New research published today presents the Bar Standards Board’s (BSB’s) review of the way in which pupillages were advertised in 2018 and in the selection criteria used by barristers’ chambers.
The regulator undertook the review to gain a better understanding of which stages of the advertising and recruitment process for pupils might give rise to potential barriers to entry to the Bar, particularly for those from underrepresented groups, and to inform work to improve accessibility to the profession.
The report contains statistics on the recruitment and advertisement of pupillages, including the proportion of pupillage positions that can be applied for through the Bar Council’s Pupillage Gateway, specification of degree classification requirements in pupillage advertisements, and the percentage of pupillage places requiring and/or strongly preferring candidates to have undertaken a “mini-pupillage” with the recruiting pupillage training organisation.
Findings from the review include:
- almost half of pupillages advertised as part of the study cited support for equality and diversity in some way, including; specifically encouraging applicants from range of backgrounds; mentioning specific Equality and Diversity policies (including in recruitment); or highlighting some commitment to equality and diversity;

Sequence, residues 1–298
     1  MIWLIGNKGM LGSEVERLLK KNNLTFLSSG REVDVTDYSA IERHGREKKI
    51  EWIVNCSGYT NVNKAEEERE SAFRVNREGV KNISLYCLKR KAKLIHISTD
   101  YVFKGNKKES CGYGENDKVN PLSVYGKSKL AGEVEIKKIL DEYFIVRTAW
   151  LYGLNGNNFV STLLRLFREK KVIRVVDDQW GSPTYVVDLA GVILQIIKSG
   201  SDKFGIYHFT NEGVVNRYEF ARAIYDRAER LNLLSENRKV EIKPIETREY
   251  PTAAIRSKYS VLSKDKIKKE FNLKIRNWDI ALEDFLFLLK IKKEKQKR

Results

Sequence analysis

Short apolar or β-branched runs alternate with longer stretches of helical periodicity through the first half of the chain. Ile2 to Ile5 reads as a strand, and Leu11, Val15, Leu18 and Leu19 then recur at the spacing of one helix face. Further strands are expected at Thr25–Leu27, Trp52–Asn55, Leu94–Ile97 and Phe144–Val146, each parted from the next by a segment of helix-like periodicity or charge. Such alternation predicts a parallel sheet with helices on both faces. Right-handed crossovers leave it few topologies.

- generally, there were relatively few practices detailed in the advertisements that could potentially actively discourage greater participation in the profession from the perspective of an applicant, as long as the applicant met criteria regarding degree classification and/or legal experience;
- where pupillage training organisations specify that applicants must have undertaken an unpaid “mini-pupillage”, this could indirectly discriminate against applicants from lower income backgrounds, as could the cost of attending interviews in London for those based outside the capital; and
- intellectual ability and academic history were found to be the most important selection criteria across chambers when sifting applications for pupillage, whilst advocacy and communication skills were found to be the most important selection criteria at the interview stage.
BSB Director of Strategy and Policy, Ewen MacLeod, said: “When, subject to Legal Services Board approval, the new Bar training rules are introduced the current rule prescribing precisely what organisations must include in a pupillage recruitment advert will no longer apply. Removing this rule is designed to provide those recruiting pupils with more flexibility, but we want to make sure that we guide the Bar with regard to best practice. This review has helped us understand what currently happens and we expect to issue our guidance on recruitment advertising and selection criteria soon.”